Sunday’s class is a blast teaching single speys and snake rolls and working on casting with the non dominant hand up. We laugh, talk about fishing and flies.  I’ve made new friends and this is what our sport is about! 
Spey Army
After the class Patrick, Travis , Captin Jamie and I  head out for  a Northern Pike mission near Lake Ontario. This is my first time seeing Lake Ontario and I feel like I’m standing in the Kodiak harbor. Seagulls fly over head and sport boats line the docks.  What feels like a sea breeze chills the air. We launch “Team Water Spyder” and shoot up an estuary. Rods are rigged and 30 pound mono is tied on. We cast towards grassy banks and strip.  Patrick’s fly lands, a head turns and the speed of the Pike leaves a boil the size of Old Faithful.   We fish till we can’t see any more missing some great takes and landing a couple juveniles.  What a great way to end an East Coast trip.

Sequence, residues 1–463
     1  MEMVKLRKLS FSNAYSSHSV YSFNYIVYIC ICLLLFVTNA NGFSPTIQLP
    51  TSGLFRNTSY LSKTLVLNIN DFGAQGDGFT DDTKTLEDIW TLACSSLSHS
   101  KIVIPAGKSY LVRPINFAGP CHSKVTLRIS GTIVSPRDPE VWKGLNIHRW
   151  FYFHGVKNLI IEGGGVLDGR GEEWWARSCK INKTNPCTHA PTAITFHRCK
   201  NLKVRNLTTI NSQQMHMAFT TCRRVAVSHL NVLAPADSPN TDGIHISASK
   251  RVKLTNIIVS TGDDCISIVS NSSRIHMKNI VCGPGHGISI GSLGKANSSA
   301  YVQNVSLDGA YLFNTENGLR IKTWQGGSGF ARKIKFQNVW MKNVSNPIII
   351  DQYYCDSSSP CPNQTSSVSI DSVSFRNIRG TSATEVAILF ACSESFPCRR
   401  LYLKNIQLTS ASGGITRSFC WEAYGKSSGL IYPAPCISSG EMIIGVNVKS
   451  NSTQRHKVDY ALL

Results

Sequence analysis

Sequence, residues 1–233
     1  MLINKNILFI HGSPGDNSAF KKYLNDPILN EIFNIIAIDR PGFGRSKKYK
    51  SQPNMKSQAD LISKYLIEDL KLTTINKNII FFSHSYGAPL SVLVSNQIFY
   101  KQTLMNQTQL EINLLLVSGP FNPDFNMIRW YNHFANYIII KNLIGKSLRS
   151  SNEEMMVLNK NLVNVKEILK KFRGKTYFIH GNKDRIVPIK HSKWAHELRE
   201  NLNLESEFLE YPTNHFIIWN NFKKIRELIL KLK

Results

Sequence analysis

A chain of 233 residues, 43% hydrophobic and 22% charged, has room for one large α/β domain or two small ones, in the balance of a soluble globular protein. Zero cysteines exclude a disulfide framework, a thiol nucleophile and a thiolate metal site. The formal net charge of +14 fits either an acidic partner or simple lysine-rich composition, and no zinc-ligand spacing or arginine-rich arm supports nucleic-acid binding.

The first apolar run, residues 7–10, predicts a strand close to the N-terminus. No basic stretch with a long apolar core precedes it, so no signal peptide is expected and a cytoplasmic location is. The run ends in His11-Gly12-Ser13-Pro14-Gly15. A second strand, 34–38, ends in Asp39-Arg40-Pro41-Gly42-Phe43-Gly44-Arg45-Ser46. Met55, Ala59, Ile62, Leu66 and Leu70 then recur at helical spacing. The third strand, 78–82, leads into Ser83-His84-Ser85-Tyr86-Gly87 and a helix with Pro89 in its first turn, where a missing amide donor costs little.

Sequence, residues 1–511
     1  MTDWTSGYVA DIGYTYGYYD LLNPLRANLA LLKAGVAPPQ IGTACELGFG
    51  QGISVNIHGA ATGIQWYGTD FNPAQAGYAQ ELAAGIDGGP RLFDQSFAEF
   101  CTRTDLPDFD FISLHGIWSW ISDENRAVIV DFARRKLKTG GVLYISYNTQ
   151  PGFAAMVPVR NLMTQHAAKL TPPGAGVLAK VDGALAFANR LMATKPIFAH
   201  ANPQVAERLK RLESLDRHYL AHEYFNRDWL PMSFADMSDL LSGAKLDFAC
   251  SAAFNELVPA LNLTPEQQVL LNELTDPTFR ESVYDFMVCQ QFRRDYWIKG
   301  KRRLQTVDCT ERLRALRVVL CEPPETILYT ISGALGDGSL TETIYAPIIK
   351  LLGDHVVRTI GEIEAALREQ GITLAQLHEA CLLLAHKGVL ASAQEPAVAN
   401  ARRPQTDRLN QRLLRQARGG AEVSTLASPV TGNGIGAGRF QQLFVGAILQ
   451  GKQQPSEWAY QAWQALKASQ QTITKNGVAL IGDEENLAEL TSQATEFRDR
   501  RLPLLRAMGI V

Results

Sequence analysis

Caption Jamie leads the way! 
Little but strong !

Lily's on the water

Rushing back to the West coast to pick up Tegan and hightail it back to Maupin for work and preparing for a session with Ron Wyden on the Oregon Economy and Recreation. I’m thrown back to the hustle of our life and grateful to have the opportunity to visit the East Coast and make new friends!  Thanks to all the good folks that made my trip possible and all the new friends I made, too many to list. Thank you Geoff and the Spey Nations Crew, Patrick Ross, Andrew and Nanacy Moy, Tailwater Lodge, Melinda’s Fly and Tackle Shop, Jamie Perry, Travis Johnston, Joe and Delores Saracione, Simms Fishing, Rajeffs Sports and  Costa Del Mar.  . An extra big thanks to my sister and brother in law for watching Tegan!!